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24 Comments

  1. I need to go hiking in Arizona! looks nice

    • waitingforrain28

      Arizona is a wonderful place to history buffs and hikers, and Phoenix and Tucson aren’t too bad for city lovers either. It’s got a little of everything!

  2. The mission seems very interesting. I loved all the carved ornamentation on the door.

    • waitingforrain28

      It was. I loved visiting and learning more about the history, but it was also sobering.

  3. serena hale

    If I ever go to Arizona I will have to reference this post for ideas of what to do while there.

    • waitingforrain28

      I hope you make it out someday! This state has a little bit of something for everyone!

  4. I’ve never been to Arizona, what a beautiful place to see! What is the best time of the year to visit? I am not a fan of too much dry heat

    • waitingforrain28

      Definitely early-spring, late fall and the winter. Summer is extremely hot and dry here. It is even hard on us natives. XD

  5. This is such an informative article to read especially for those heading to Arizona, been there once and loved it.

    • waitingforrain28

      Thanks! And I am glad that you enjoyed your visit! It is a wonderful state.

  6. I have yet to make it to AZ; I have it on my travel list next year. We love hiking so I need to add your destinations to our list. Love your pics 🙂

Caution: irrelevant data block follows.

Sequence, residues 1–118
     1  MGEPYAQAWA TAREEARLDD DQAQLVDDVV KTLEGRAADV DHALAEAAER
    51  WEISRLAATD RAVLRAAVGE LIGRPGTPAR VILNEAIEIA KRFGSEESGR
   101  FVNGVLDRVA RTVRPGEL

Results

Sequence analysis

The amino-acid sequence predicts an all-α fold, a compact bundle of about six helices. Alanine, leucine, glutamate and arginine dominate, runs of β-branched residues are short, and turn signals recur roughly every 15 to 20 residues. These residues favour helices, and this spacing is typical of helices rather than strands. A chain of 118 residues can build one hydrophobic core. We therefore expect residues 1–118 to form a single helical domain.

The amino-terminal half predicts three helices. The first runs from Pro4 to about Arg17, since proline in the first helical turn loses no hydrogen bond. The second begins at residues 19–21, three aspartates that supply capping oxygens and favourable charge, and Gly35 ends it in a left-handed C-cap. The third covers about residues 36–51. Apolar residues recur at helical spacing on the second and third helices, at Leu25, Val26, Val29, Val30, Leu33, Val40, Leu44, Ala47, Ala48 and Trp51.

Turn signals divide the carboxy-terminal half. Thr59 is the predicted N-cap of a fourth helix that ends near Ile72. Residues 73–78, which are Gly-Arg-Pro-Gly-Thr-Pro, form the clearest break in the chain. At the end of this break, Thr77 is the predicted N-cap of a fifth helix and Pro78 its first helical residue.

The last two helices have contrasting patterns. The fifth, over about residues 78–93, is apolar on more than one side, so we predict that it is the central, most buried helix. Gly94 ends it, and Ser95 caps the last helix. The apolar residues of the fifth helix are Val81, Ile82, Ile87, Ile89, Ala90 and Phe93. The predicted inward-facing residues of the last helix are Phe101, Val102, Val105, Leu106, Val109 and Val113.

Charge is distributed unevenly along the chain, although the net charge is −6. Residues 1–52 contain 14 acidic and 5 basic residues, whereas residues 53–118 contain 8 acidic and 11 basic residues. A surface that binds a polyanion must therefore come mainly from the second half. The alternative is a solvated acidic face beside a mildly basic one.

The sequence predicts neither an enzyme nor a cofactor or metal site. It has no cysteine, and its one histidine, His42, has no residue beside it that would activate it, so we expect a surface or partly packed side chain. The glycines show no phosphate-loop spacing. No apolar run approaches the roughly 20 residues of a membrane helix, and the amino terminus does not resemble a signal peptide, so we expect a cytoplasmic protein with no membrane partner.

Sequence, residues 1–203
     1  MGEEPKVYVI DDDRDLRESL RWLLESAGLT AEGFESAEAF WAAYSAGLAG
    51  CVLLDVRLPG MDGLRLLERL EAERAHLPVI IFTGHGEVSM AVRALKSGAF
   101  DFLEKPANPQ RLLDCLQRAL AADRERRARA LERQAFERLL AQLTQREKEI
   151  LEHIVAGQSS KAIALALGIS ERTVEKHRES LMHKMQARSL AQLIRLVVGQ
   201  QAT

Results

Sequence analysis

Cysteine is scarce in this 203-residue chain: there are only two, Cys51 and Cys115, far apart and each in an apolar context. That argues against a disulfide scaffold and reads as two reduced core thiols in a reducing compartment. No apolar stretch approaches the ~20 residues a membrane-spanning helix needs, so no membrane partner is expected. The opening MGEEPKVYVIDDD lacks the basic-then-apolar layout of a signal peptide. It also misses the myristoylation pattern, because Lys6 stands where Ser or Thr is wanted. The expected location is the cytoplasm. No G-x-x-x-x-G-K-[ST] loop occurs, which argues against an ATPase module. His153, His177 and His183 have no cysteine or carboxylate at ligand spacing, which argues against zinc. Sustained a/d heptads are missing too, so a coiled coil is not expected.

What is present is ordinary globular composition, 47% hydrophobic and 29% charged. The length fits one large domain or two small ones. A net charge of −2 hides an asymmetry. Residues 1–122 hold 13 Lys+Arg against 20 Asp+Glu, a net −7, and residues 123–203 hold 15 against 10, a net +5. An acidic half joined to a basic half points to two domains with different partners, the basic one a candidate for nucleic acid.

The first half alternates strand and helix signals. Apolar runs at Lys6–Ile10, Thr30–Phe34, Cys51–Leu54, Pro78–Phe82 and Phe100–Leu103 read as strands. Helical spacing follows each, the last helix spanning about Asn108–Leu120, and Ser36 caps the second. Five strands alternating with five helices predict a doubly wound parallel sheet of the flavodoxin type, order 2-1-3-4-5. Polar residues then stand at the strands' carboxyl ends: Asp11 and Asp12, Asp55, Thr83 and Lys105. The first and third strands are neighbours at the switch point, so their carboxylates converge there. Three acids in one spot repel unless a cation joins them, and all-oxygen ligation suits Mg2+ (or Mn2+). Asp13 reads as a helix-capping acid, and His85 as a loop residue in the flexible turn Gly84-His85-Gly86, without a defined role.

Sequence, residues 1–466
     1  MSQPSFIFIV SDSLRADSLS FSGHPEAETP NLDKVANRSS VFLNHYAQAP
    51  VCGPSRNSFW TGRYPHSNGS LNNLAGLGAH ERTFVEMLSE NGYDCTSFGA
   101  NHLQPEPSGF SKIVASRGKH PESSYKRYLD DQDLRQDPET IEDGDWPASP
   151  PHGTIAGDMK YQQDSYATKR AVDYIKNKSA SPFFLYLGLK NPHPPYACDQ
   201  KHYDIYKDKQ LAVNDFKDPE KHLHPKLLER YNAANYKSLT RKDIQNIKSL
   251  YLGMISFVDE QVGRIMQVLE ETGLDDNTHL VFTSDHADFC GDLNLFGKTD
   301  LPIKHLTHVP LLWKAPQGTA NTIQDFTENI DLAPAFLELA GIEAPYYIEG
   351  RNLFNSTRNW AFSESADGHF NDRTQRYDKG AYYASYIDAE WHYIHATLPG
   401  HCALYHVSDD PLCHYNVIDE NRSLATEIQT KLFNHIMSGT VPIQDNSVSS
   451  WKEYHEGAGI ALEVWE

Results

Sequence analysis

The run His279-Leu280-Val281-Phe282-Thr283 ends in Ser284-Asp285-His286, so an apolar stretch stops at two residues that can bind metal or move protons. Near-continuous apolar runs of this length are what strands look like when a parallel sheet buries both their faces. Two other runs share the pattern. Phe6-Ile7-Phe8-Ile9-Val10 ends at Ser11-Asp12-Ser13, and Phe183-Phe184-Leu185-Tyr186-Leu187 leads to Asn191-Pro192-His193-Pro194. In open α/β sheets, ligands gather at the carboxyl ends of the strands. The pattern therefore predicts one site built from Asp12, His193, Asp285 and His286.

• waitingforrain28

      How exciting! You will not be disappointed! We have lots of ideas for you guys to work with; there is a ton of variety here.

  7. Great locations! The Coronado story was interesting and the mission is beautiful and heartbreaking.

    • waitingforrain28

      Thank you! They really showcase the different sides of Arizona’s character and history.

  8. Your pictures are lovely! We love the great outdoors and I look forward to the next time I can go hiking Arizona.

    • waitingforrain28

      If you love hiking, you will certainly have a wonderful time when you are next here. There are so many options!

  9. This is great – I just moved to Tucson, Tumacacori is definitely on my list of day trips (also learning how to pronounce it!)

    • waitingforrain28

      Awesome! I love Tucson! And the rangers will help you figure out how to say it. I still struggle. Hahaha.

  10. The view from Tumacacori hike is beautiful! I love that there’s also some history behind Coronado and the trail

    Sondra xx
    prettyfitfoodie.com

    • waitingforrain28

      Same here. It’s really fun to have history attached to a certain view or place.

  11. Love finding new NPS sites to visit! We’ve actually been plotting out cave parks for 2018 and this came up in our search yesterday. Considering cave difficultly levels, how would you rate Coronado Cave?

    • waitingforrain28

      I think that this is a very easy cave. The only hard part is the entrance, and if you hike alot, it won’t be an issue. Just bring good shoes and plenty of lights!

  12. The history of the Tumacacori mission was really interesting to read. I of course kind of knew that native Americans were suppressed and the Spanish (and other Europeans) tried to convert them to Christianity, but I think it is a completely different experience visiting such a place rich in history.

    • waitingforrain28

      It is. It really reminds me of visiting other areas where tragedy has occurred. It really gets you thinking, and helps solidify your desire to never see that happen again.